When it comes to my personal life, I'm the definition of the term "Type A." I've always believed that laying out five- and 10-year plans would encourage me to achieve my personal goals in a timely manner. And whether it's saving enough money or hitting a specific career milestone, my biggest fear has always been falling behind. That is, until the pandemic hit.
When it comes to describing COVID-19, the words "deadly," "global," and "uncertain" have been strewn across the headlines. Overnight, it seemed like all my planning and stress about the future since I graduated college was for absolutely nothing. And in a way, it was.
For years, I always assumed that if I played by the book at work, made wise financial choices, and constantly obsessed over what my future holds, there's no way I would fail. In a few years, I would steadily pay off the rest of my student loans and save enough money for a moderately priced dream house down the Jersey shore. I quickly realized, however, that there are simply some things you can't foresee or control — this pandemic being one of them.
While social distancing at home, I noticed in a fit of panic that sometimes life doesn't exactly adhere to your, well, life plan. There's truly no amount of meticulous planning I could've done to prevent the fallout of COVID-19. And while I desperately still want all of the same things for myself, if it doesn't happen on my original timeline, that's OK.
I've learned my biggest character flaw is being impatient.
This realization made me think back to my early 20s. I was fresh out of college and working an intro-level (read: low-paying) job as a sports reporter. During that time, I obsessed over moving to the next level in my career and getting to a point where I could reasonably save at least a few hundred dollars each month.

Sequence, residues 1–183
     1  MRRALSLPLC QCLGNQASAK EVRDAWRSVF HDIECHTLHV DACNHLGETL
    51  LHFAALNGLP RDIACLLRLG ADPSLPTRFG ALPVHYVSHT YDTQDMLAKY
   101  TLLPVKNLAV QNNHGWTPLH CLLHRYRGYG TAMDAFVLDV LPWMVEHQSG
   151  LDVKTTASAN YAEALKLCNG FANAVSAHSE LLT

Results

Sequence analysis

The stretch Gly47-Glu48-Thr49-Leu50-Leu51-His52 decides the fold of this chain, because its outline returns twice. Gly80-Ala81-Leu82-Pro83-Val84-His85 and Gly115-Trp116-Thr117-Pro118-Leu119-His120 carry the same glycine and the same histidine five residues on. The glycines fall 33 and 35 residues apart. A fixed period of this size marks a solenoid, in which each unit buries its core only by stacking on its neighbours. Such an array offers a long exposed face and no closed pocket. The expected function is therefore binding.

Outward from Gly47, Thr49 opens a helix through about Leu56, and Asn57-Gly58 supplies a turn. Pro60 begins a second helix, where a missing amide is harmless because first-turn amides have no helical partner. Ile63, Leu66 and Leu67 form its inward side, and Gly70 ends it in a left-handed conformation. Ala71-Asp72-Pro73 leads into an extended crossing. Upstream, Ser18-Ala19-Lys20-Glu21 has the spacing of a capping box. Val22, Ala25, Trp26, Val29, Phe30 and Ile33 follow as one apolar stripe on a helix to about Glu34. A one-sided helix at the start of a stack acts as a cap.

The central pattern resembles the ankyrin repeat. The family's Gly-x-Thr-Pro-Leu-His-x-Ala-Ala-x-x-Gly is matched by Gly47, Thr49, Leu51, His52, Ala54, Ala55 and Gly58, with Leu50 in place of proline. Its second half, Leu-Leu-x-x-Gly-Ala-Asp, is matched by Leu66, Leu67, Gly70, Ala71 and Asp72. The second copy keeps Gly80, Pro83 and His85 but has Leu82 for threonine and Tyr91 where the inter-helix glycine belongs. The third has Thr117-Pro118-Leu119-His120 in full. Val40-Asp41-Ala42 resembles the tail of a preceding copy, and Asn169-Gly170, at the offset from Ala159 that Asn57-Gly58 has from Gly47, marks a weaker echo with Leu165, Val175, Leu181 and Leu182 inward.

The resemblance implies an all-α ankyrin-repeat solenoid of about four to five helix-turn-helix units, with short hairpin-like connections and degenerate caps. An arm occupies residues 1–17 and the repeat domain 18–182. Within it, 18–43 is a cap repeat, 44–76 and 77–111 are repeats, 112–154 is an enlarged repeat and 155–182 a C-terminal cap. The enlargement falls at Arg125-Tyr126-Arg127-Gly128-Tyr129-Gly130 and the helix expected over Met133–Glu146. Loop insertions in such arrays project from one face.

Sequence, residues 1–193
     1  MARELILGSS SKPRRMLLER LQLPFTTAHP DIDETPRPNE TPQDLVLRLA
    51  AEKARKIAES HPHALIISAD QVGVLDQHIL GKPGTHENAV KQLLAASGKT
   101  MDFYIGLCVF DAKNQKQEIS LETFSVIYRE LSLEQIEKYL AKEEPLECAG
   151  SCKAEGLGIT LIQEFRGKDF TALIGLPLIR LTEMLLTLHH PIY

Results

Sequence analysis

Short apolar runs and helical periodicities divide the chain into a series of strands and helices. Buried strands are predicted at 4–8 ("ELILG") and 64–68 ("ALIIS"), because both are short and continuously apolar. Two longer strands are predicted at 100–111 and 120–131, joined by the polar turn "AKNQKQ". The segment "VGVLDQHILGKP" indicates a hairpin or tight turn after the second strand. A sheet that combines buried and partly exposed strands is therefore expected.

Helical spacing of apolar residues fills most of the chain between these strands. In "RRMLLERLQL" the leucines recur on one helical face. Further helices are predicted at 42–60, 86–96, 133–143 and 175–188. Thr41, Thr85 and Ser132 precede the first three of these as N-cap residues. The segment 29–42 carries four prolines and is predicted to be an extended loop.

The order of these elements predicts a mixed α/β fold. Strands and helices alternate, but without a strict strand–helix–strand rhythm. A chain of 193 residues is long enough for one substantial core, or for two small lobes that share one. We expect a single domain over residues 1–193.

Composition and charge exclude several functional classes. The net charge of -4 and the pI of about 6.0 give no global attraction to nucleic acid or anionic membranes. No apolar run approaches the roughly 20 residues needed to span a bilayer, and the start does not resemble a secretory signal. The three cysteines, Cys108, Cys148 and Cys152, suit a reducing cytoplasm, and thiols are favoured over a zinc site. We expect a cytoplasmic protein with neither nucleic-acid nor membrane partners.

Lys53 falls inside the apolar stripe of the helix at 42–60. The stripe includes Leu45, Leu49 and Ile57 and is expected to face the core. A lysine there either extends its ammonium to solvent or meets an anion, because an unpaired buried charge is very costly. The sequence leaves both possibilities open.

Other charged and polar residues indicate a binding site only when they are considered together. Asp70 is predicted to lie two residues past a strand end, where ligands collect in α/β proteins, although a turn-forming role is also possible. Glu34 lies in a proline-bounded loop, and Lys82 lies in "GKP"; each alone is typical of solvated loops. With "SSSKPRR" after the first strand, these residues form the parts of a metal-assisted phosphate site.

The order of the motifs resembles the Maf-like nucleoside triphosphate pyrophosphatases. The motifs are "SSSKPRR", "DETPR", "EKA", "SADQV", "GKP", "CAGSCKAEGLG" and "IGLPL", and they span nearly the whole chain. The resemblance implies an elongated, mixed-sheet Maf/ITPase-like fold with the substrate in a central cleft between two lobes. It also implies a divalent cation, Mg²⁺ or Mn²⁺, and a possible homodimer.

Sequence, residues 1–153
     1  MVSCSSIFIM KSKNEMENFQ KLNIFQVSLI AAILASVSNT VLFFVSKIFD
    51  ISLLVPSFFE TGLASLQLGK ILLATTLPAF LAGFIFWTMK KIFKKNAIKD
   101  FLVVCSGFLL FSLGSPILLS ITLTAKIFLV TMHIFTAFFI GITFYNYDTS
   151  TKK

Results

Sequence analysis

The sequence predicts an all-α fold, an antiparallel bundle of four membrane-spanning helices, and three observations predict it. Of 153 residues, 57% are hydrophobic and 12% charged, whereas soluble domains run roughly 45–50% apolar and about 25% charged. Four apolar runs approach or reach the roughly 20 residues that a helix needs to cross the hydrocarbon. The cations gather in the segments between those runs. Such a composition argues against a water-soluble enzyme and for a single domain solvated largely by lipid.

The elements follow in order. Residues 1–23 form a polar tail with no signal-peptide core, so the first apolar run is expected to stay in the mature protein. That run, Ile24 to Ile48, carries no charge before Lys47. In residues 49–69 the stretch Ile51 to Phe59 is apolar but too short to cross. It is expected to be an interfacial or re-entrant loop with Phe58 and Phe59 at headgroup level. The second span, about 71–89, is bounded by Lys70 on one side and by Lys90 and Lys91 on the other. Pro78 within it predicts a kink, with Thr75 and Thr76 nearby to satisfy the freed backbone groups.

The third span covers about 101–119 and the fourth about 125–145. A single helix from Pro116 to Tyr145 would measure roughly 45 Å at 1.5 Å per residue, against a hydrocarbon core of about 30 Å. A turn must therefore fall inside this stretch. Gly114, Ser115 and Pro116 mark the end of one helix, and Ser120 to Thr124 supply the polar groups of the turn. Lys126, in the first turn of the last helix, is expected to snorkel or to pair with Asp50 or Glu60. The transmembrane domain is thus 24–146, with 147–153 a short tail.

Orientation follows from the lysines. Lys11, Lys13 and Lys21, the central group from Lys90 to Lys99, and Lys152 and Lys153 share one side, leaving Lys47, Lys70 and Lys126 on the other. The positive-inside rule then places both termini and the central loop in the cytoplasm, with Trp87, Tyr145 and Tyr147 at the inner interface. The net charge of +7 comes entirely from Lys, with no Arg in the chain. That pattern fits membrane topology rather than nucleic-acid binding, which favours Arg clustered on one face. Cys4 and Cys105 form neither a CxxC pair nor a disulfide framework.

Although I don't regret having that sense of determination, in hindsight, I realized I was so worried about what the future held and how to get ahead that I didn't fully enjoy that time in my life. I was terrible at living in the moment and rarely took the time to appreciate everything I already had. Was my first apartment swanky? Absolutely not. But it was still mine. And while I may not have had a lot of money, I sure did have a lot of fun. I met some of my most cherished friends at my first job, including my now-husband. I spent nights drinking wine on the roof of my friends' apartment buildings. I learned so much at work.
Now as I reflect on the current pandemic at age 27, I've learned my biggest character flaw is being impatient. Although I'm extremely privileged to still have my job, my apartment, and a healthy family, sometimes it takes a shock to show you what's actually important in life. For the most part, exact timing doesn't qualify.
Of course, we all want to grow. But sometimes we just need to trust that things will happen in their own time. It might not be when we initially planned, but we'll all get to where we need to be. For now, I'm reminding myself to literally stop and smell the roses on my morning walks, laugh whenever I can, and for the love of all things holy, stop franticly looking at houses on Zillow.